Once again, I am reorganizing the tabs above and thought that this information deserved a permanent home. And as always, I will continue to add sites as I find additional examples so feel free to leave a comment with your favorites.
- Classroom 2.0 – Steve Hargadon
- Content Literacy – Roland O’Daniel
- Discovery Educator Network – Steve Dembo
- EduBloggerWorld – Steve Hargadon
- The Educator’s PLN – Thomas Whitby
- Flat Classrooms – Julie Lindsey
- The Future of Education – Steve Hargadon
- The Global Education Collaborative – Lucy Gray
- iConnect iLearn in the 21st Century – Kevin Honeycutt
- Make IT Personal – Valerie Becker
- Ning in Education – Ning
- Seedlings – Bob Sprankle
- UDL4All – Lisa Thumann
- Art Education 2.0 – Craig Roland
- Mathematics 24×7 – Rashmi Kathuria
Social Studies Education
I have spent most of this Sunday afternoon catching up on the huge number of entries in my Google Reader. In doing so, I ran across this. It’s excellent post by Silvia Tilisano in her Langwitches blog about Wallwisher, a website that essentially allows users to create an interactive bulletin board using sticky notes with text, photos, or video.
So I started thinking. What would I want to have a virtual conversation about? I settled on a topic that I have giving a lot of thought lately…The Schools We Need. So I went to the Wallwisher website, registered, and started a wall. Super easy. Even grabbing the video that started me down this road was simple as copying and pasting the url into my sticky note.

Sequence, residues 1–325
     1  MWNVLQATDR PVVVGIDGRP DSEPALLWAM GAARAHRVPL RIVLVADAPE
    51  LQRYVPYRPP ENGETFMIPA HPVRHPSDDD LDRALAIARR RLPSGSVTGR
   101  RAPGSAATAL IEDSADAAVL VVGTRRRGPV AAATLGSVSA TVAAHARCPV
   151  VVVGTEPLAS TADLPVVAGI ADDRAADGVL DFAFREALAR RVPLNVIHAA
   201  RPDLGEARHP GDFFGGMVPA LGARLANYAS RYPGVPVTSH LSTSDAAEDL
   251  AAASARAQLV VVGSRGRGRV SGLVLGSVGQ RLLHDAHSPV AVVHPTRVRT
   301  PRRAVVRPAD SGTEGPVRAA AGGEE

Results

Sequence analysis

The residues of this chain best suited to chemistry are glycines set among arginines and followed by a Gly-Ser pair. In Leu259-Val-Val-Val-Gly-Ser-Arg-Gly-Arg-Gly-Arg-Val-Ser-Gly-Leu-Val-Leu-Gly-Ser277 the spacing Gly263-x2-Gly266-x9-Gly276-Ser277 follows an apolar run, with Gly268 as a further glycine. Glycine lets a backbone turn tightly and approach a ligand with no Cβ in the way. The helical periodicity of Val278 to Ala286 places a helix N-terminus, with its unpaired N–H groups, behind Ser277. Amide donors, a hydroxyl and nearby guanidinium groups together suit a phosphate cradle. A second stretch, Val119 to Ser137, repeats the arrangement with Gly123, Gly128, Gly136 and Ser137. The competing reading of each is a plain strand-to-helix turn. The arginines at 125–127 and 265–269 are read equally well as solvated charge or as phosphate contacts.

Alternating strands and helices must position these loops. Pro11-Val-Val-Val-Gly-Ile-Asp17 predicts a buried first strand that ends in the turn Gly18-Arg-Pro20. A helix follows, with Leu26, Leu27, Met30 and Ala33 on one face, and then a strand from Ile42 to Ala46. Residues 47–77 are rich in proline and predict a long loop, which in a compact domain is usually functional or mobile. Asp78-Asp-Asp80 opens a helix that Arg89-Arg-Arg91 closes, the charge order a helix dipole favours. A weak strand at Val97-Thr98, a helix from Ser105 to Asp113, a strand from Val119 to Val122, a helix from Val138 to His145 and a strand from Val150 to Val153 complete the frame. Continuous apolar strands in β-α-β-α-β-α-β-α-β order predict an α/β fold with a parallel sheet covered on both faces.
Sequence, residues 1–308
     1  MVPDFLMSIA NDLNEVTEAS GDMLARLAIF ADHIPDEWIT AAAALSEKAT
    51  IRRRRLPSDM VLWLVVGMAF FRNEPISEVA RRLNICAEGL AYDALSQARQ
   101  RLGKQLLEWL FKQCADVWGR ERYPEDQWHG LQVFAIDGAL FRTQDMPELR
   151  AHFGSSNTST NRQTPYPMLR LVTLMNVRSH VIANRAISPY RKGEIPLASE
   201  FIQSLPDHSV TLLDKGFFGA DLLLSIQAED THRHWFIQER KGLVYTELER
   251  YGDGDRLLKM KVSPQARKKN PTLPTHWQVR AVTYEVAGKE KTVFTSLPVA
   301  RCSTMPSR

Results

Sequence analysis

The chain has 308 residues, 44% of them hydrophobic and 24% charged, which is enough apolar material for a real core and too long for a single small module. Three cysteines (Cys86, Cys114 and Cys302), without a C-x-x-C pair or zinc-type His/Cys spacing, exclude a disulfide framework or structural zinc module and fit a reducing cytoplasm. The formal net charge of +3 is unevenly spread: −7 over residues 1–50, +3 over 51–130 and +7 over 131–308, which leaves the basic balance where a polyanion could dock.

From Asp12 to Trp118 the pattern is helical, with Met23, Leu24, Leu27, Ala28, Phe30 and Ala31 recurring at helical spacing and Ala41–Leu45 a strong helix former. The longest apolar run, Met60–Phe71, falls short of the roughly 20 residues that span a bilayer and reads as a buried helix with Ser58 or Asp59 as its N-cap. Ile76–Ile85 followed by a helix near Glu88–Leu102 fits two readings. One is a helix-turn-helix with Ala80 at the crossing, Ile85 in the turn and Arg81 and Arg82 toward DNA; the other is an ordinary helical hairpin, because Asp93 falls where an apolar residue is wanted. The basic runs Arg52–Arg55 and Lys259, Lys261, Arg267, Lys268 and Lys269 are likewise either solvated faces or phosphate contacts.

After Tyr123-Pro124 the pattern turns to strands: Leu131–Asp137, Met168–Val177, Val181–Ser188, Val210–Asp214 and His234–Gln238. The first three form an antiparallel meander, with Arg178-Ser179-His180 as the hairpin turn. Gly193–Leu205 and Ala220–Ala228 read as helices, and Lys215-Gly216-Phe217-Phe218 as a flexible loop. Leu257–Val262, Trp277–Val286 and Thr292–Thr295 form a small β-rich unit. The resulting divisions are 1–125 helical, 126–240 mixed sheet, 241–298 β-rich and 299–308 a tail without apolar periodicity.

And now I want to invite you into the conversation. Go to my wall and add your own thoughts.
For more information about Wallwisher, try the following resources:
- Larry Ferlazzo’s Wallwisher is a Winner-Big Time! post
It seems that all of the world has been talking about Twitter lately. From Ashton Kutcher to Oprah Winfrey, celebrities galore have embraced the microblogging site as a way to connect with fans. Of course, this level of popular appeal will probably serve to scare away teachers and other learning professionals. I think that this is unfortunate because I believe that Twitter provides some of the best professional development available. And it’s customizable…and available 24 hours a day…and free.
Pictured below are the more than 200 people that make currently up my learning team. They teach me something new each and every day.
For more information about Twitter in education, try the following resources: